In other words, Free Methodists continued to be in fact, socioeconomically, more a church of the poor than of the rich or the upper middle class. Douglas Strong posits this as one reason for greater sensitivity to the poor: “Since holiness churches were comprised of the economically poor more often than the increasingly-bourgeois mainline Methodist churches, the holiness folks more easily embraced the causes and struggles of their lower class constituency.” Yet theologically Free Methodists gradually forgot Roberts’ specific mission to the poor.
- Roberts’ views on wealth, poverty, and preaching to the poor were essentially those of John Wesley and Francis Asbury. Roberts saw himself as a defender of historic Methodism as much as a reformer. His concern was to be Wesleyan, and in fact his writings contain many echoes of Wesley’s comments on preaching to the poor and his warnings about the dangers of riches. Roberts was also echoing Francis Asbury, who frequently referred to the Methodist mission to the poor. Asbury wrote in 1789, “To begin at the right end of the work is to go first to the poor; these will, the rich may possibly, hear the truth: there are [some people] among us who have blundered here.”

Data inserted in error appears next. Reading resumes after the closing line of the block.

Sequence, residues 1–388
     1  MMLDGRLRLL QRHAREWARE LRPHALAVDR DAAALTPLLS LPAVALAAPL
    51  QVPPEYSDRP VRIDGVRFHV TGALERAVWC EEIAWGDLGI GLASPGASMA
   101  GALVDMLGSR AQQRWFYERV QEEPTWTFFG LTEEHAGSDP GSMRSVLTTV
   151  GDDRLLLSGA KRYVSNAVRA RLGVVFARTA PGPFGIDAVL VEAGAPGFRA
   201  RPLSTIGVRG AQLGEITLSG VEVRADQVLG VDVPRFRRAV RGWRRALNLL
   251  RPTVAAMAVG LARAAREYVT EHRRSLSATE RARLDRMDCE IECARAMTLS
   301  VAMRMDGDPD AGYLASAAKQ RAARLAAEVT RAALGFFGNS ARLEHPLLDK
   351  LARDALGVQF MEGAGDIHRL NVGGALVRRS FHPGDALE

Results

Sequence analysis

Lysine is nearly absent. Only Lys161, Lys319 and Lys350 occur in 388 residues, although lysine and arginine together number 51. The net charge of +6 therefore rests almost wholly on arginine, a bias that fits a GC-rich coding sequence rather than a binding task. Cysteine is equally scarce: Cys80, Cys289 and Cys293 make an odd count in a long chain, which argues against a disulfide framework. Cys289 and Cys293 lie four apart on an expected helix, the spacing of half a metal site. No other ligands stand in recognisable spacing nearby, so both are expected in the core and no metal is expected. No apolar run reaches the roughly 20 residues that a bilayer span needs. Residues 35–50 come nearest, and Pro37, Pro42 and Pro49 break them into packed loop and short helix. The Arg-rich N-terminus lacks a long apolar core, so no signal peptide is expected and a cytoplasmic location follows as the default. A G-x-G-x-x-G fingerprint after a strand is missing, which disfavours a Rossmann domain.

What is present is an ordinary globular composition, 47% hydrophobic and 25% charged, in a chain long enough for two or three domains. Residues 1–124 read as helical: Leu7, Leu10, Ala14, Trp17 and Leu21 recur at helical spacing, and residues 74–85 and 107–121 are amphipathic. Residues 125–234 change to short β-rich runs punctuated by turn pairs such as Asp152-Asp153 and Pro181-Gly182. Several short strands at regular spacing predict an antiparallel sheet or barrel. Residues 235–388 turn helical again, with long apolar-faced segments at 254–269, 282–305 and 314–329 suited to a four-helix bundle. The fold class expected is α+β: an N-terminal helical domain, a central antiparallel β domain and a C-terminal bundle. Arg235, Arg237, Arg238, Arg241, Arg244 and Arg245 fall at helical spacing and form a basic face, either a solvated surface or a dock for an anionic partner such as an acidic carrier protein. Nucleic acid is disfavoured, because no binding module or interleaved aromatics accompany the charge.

Did B. T. Roberts make any specific theological connection between entire sanctification and evangelizing the poor? Or do these two concerns run, in effect, on separate tracks?